Fossilman Can’t Convince Judge in Poker Skill-Chance Debate
Greg “FossilMan” Raymer, the 2004 World Series of Poker Main Event champion, testified in a circuit courtroom in Virginia last week, providing the court with a demonstration intended to show that poker was a game of skill more than chance, but the judge didn’t buy his argument and ruled that poker is a game of chance.
Judge Thomas Shadrick, in making his ruling after the trial that lasted almost a full day, admitted that poker does involve skill and that better players are more likely to win than less-skilled players, but the outcome of poker hands are uncertain and are more subject to chance.
The city of Portsmouth had developed a reputation as a haven for poker rooms for a four-year period beginning in 2006, including the Poker Palace operated by Charles Daniels. When Commonwealth Attorney Earl C. Mobley shut down the Poker Palace and about half a dozen other poker rooms in the city for illegal gambling, Daniels filed a lawsuit in 2010. In closing down the poker halls, Mobley had admitted that the state’s gambling law was imperfect, but didn’t want Portsmouth to become the state’s center for gambling.
Daniels, also the operator of a bingo hall fully-licensed in Virginia, Boulevard Bingo, was supported in the poker case by Poker Players Alliance (PPA), an organization based in Washington that supports and works toward the legalization of poker at both the state and federal levels. The group brought in Raymer, who is a PPA board member, and conducted research to back Daniels’ argument that No Limit Texas Hold’em, is, by and far, a game requiring skill and not illegal gambling.
Virginia law recognizes illegal gambling as wagering something of value on a chance to win something of value in a contest, of which the outcome is
uncertain or a matter of chance. There are certain exemptions to some types of gambling, bingo, for instance.
Raymer, a patent attorney prior to discovering that professional poker was more to his liking, gave a 15-minute demonstration to the court emphasizing the things a player needs to know and do to increase his chances of winning. Among the skills in a successful player’s arsenal are the ability to calculate and determine various kinds of odds instantaneously, the capability to read the body language of opponents and to hide or subdue your own, the talent to predict the strategy of other players and to anticipate their future moves. Raymer’s instructional lesson to the judge and court spectators was free. However, for Virginia’s No Limit Texas Hold’em players, the stakes were extremely high.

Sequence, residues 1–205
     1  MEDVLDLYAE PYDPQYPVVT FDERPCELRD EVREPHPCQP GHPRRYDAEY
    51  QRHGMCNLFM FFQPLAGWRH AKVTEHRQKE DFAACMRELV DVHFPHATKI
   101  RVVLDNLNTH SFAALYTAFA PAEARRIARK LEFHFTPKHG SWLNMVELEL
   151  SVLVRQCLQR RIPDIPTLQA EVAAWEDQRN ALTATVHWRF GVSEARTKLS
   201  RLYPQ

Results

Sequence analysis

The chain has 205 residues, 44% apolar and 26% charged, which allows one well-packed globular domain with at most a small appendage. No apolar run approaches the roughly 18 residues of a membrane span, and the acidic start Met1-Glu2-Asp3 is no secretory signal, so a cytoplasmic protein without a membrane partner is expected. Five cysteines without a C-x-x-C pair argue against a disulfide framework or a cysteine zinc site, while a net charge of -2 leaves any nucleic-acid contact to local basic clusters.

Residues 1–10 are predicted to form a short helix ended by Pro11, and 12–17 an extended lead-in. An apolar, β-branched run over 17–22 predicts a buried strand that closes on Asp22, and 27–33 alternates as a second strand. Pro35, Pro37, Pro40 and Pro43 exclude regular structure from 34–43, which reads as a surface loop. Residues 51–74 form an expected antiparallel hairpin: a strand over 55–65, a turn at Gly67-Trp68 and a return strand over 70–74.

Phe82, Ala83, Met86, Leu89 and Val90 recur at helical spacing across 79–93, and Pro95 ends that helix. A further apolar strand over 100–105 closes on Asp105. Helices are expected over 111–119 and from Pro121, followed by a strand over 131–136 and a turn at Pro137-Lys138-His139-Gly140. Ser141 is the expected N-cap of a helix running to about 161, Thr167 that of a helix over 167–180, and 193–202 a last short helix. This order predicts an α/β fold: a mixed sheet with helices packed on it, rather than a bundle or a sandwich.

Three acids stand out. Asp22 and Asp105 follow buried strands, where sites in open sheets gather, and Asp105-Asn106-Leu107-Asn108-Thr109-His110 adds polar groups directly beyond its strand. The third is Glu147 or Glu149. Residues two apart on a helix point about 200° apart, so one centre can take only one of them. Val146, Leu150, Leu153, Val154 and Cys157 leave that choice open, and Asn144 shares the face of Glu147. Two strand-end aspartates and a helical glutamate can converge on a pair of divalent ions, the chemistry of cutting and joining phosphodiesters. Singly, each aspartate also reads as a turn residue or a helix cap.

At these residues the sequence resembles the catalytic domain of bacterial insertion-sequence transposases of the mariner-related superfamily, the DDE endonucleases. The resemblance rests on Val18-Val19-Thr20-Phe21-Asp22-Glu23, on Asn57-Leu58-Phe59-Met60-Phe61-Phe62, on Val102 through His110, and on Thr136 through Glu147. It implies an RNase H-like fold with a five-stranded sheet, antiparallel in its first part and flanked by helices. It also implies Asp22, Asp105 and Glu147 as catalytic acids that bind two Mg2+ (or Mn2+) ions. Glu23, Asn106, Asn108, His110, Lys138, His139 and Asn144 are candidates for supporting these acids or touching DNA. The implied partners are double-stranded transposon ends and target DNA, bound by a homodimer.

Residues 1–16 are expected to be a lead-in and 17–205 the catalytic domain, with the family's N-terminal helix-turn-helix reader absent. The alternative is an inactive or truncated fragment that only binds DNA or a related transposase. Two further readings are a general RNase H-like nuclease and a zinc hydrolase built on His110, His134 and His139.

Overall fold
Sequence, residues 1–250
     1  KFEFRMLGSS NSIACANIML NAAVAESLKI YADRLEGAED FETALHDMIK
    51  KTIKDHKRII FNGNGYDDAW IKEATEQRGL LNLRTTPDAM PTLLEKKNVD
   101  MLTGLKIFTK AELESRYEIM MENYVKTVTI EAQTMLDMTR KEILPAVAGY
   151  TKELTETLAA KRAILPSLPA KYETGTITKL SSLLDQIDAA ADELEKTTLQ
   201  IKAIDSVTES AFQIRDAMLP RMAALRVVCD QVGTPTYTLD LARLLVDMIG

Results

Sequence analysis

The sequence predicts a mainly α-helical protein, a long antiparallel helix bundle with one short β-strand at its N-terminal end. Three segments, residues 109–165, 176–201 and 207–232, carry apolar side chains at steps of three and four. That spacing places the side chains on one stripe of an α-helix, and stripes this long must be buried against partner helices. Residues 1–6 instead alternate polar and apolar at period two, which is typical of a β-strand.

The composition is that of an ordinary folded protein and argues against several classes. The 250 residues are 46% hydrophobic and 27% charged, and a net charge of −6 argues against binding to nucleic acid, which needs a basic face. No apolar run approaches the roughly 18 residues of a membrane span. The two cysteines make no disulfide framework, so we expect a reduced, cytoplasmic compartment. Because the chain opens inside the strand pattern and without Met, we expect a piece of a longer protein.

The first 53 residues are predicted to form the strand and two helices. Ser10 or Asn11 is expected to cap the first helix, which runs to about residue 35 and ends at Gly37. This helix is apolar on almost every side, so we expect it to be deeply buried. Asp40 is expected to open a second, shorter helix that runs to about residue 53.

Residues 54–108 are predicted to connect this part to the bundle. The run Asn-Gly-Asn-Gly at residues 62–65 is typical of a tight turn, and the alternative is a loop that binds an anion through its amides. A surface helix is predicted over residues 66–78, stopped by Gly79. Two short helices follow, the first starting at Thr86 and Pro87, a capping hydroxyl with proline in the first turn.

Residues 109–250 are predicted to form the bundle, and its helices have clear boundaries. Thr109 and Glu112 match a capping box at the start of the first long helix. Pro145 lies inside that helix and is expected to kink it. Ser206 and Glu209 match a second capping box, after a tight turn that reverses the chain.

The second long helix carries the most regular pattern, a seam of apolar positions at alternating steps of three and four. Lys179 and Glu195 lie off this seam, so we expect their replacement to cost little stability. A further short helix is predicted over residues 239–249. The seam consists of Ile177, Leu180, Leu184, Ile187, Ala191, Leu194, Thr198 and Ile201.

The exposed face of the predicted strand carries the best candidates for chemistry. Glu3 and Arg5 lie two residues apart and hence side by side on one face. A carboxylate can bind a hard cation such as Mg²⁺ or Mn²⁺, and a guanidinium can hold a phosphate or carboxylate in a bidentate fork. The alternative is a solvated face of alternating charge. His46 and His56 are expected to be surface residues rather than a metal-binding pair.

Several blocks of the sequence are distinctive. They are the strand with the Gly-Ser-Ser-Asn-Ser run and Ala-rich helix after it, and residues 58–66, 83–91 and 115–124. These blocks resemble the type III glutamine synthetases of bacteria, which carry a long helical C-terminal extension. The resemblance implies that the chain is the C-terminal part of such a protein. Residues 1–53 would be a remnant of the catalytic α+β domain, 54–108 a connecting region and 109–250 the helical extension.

Another argument made by Daniels’ attorney, Marvin Miller, was that Virginia’s gambling law was too vague. Miller insisted that the state law could reasonably be applied to placing bets on farm commodity futures, which are considered wagers of an unknown nature. Miller also stated that state legislators’ attempts to clarify the legality of poker were always tabled in Richmond but had never been outright killed.
Maybe they’re waiting for a decision like yours, Miller said to the judge, implying that lawmakers were waiting on a judge’s ruling before acting on legislation.
Shadrick said that the current law wasn’t unconstitutionally vague and that a person with normal intelligence could certainly understand it. Shadrick’s ruling against the game of skill argument ended Daniels’ quest to reconvene the charity-driven cash games and tournaments that proliferated in Portsmouth just a couple of years ago. Daniels’ said in the lawsuit that his poker hall had donated in excess of $700,000 to charities, which was 74 percent of the Poker Palace’s revenue. Beneficiaries of the donations included the March of Dimes, the Fraternal Order of Police, the Portsmouth Catholic Regional School and the Chesapeake Sheriff’s Office Charities.
Daniels was unsure about appealing the judge’s decision. However, poker insiders believe that the skill-chance debate is far from over and will certainly be argued in higher courts and at the federal level in the future.